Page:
February 21, 2019


This Year - 21 February to be exact - the Ruthenian Byzantine Catholic Eparchy of Parma, Ohio, USA is celebrating 50 years of Pastoral activity as an "eparchy". There are a number of events planned throughout this 2019 year. What follows are the words of the first Bishop of the Ruthenian Eparchy of Parma - Most Reverend Emil J. Mihalik. These are words that were spoken only a month and a half after it was officially established. What is significant is the vision and hope that the Bishop proposes to the clergy and all the faithful as he encourages them to take up the challenge as they all stand at the crossroads of a new journey together....

Parma Eparchial Convocation, April 6, 1970
Opening Address of Bishop Emil J. Mihalik, D.D.

My Brothers in Christ:

When I greet you as "my brothers," I do not use that term lightly, for although providence has decreed that I serve you as Bishop, I can remember well that day prior to my episcopal ordination less than a year ago when I stood before the altar just as you, an ordinary priest of the diocese. I know what it is to bend before the authority of a bishop and to follow the directives of the Chancery Office. I have experienced the anxieties that a priest must bear as he struggles through the building of a new parish complex. I have shared in the countless hours of labor that a priest must perform in fund raising activities, and the sleepless nights worrying whether there would be enough money to meet next month's payment. My priesthood, as yours, has been filled with joys and sorrows, doubts and fear, but above all, filled with love for God and confidence in His Divine power. I have been His priest longer than I have been His bishop. With these thoughts in mind, I have greeted you as my brothers.

I bid you welcome to our First Eparchial Convocation, and in the spirit of the Second Vatican Council, I ask you to join with me in the awesome responsibility of governing our Eparchy. In the decree concerning the pastoral office of bishops, the Fathers of the Second Vatican Council have declared: "A diocese is a portion of the people of God which is entrusted to a bishop to be shepherded by him with the cooperation of the presbytery... Bishops should always embrace priests with a special love since the latter, to the best of their ability, assume the bishop's anxieties and carry them on day by day so zealously. They should regard the priests as sons and friends and be ready to listen to them. Through their trusting familiarity with their priests they should strive to promote the whole pastoral work of the entire diocese."

One of the primary goals of this convocation will be to establish a certain sense of cooperation between the bishop and the priests of the Eparchy of Parma.

I have no fear in sharing the responsibility for the governing of the Eparchy with my brother priests. In fact, I welcome the idea. For, I sincerely believe that the Church will grow and the Eparchy will be strengthened by this sharing of responsibility.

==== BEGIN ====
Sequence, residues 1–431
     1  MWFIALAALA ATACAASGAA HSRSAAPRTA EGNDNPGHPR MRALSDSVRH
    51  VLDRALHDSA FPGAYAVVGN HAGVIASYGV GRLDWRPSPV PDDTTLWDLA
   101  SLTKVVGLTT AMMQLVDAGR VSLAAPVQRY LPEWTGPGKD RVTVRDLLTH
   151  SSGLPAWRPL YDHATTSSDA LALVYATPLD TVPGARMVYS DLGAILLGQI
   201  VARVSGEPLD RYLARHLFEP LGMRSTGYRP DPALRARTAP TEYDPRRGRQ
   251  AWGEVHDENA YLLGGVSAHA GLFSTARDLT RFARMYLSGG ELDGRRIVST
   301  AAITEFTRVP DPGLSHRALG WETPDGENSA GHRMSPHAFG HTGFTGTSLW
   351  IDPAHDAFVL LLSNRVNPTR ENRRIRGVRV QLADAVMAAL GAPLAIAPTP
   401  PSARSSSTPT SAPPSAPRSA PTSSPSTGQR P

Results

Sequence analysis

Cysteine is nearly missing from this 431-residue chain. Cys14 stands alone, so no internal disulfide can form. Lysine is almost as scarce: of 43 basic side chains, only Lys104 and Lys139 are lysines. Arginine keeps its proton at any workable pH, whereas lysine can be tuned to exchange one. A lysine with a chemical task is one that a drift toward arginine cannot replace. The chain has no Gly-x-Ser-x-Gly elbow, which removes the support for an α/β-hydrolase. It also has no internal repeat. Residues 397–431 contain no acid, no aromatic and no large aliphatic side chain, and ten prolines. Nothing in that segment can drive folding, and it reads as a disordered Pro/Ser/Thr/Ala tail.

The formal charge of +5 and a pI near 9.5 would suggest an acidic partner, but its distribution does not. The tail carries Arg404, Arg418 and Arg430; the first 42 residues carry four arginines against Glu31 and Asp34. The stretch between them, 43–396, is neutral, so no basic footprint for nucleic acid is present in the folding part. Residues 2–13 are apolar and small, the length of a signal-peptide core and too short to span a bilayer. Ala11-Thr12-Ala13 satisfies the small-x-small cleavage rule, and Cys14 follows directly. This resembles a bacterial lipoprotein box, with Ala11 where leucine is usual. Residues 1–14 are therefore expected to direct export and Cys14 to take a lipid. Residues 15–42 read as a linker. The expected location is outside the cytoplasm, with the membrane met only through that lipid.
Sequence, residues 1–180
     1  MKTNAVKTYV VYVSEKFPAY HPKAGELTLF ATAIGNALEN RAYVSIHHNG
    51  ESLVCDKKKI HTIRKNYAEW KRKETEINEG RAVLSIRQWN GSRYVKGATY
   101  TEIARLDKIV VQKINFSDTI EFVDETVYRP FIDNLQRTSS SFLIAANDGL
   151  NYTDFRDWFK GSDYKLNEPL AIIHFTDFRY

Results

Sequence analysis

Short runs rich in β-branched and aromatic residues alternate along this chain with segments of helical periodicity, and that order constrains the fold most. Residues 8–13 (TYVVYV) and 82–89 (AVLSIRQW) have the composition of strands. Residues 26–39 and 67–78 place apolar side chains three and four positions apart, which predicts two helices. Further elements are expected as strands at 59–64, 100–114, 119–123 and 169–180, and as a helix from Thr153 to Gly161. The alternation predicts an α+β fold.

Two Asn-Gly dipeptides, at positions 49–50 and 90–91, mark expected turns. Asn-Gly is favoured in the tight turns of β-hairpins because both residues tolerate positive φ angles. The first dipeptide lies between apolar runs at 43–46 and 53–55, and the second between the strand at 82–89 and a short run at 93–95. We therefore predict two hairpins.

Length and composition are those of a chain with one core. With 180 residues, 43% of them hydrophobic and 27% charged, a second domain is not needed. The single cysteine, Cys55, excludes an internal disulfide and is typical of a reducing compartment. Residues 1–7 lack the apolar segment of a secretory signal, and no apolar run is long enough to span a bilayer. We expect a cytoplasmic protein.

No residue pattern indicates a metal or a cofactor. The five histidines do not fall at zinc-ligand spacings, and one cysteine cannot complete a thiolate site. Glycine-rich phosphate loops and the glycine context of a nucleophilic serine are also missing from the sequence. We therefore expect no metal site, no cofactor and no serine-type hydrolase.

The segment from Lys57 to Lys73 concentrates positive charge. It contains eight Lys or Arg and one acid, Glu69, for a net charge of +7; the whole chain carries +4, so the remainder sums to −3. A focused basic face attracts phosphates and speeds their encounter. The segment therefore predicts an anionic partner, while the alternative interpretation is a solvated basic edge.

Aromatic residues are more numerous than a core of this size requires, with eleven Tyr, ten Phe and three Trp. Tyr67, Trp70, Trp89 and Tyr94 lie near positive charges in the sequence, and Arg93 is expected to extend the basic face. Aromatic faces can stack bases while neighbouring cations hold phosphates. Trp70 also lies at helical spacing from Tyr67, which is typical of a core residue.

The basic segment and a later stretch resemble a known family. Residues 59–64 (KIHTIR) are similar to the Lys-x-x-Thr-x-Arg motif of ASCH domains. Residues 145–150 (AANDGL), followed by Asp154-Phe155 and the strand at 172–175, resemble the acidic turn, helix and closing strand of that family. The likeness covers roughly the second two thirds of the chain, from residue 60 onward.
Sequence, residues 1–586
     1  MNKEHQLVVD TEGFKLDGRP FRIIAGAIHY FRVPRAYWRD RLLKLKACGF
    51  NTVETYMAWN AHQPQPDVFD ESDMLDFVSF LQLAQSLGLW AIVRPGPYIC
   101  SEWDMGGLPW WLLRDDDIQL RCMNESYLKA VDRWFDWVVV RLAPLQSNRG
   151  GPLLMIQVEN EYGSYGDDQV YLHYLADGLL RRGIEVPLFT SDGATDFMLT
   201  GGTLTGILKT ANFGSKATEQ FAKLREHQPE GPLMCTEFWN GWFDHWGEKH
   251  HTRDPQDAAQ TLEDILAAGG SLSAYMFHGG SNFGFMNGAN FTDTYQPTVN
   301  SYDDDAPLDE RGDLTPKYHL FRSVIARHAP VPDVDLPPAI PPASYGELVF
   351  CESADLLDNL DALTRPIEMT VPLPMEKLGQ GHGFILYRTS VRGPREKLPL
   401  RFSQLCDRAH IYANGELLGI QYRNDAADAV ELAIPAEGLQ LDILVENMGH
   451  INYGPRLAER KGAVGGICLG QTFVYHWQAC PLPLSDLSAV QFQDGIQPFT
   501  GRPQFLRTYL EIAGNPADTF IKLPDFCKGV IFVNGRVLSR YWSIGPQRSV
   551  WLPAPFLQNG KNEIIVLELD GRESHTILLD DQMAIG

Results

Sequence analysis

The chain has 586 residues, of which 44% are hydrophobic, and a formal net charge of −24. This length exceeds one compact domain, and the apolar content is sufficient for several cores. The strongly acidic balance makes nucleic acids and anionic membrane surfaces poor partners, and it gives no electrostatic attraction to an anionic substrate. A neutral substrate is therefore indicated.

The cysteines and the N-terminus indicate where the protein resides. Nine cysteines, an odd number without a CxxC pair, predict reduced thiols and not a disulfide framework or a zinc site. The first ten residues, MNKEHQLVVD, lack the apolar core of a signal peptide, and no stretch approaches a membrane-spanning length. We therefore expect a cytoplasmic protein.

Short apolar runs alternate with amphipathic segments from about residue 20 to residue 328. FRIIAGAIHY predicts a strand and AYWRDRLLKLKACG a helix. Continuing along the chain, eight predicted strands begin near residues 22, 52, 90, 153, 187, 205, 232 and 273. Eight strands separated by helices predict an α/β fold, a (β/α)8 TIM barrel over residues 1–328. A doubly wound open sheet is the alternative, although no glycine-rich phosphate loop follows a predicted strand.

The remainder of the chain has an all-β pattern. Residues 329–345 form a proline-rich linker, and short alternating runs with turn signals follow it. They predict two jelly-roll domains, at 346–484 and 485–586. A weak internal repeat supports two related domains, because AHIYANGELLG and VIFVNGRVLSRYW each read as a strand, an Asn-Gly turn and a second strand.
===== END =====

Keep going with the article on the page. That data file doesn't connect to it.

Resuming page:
I propose that we establish an Eparchial Personnel Board which will be composed of three priests elected by you, who will serve together with the bishop and the chancellor of the Eparchy. This board will make an intensive study to get a better knowledge of the personal qualifications of the individual priests, and the individual needs of the parishes of the Eparchy. When transfers of priests, or appointments to official positions are necessary, the opinion of the personnel board will be given prime consideration. We realize that it is impossible to make everyone happy, but we feel that appointments made under these conditions will be fair and just. The general good of the Eparchy must always supercede the particular good of an individual, but the rights of the individual must also be protected. This will be the work of the Personnel Board. In addition, this Board will help screen applicants for the Seminary, and will work closely with the Seminary faculty in recommending advancement to Holy Orders.

I propose also to establish a priests' Conciliation Board composed of members you elect. This Board will serve as an arbitration board between the priest and his bishop and laity. A priest may appeal to his bishop through the full strength of the board, and likewise the bishop may appeal to a particular priest through the intervention of his fellow-priests who make up the arbitration board. The laity also with just cause may appeal to the Board regards the action of the Pastor.

The question of the Episcopal Succession is also of deep concern. Sudden death or other calamity could leave the Episcopal See vacant at an unexpected time. We should always be prepared for the unexpected. For this reason, I will ask the Reverend Fathers of the Eparchy to submit the names of three priests whom they feel are qualitied to be ordained as Bishops. We ask you to prayerfully meditate before you submit these names. Do not let your decision be swayed by personal friendships, but scrutinize the qualifications of the individual. We will be guided by your request in submitting our recommendations to the Holy See.

Another goal of the convocation which is no less important is to establish our identity as Eastern Christians. To recognize our place in the church and to safeguard our future in the Church. In the short time since the establishment of our Eparchy, we have already begun to establish our identity. Our Holy Father, Pope Paul VI, through Cardinal Villot, the Vatican Secretary of State, has sent his blessings upon this convocation.

In another letter from the Sacred Congregation for the Oriental Churches, Cardinal de Furstenberg writes: "The news of the forthcoming Convocation has not failed to rouse satisfaction in this Sacred Congregation. It is our earnest hope," the Cardinal says, "that the proceedings be happily conducted and lead to solid and encouraging results, capable of favoring the progress - already, thank God, so much in evidence - of the new Eparchy of Parma."

The Apostolic Delegate to the United States, Archbishop Raimondi, has expressed his prayer that this convocation will be "truly beneficial to the life of our entire flock."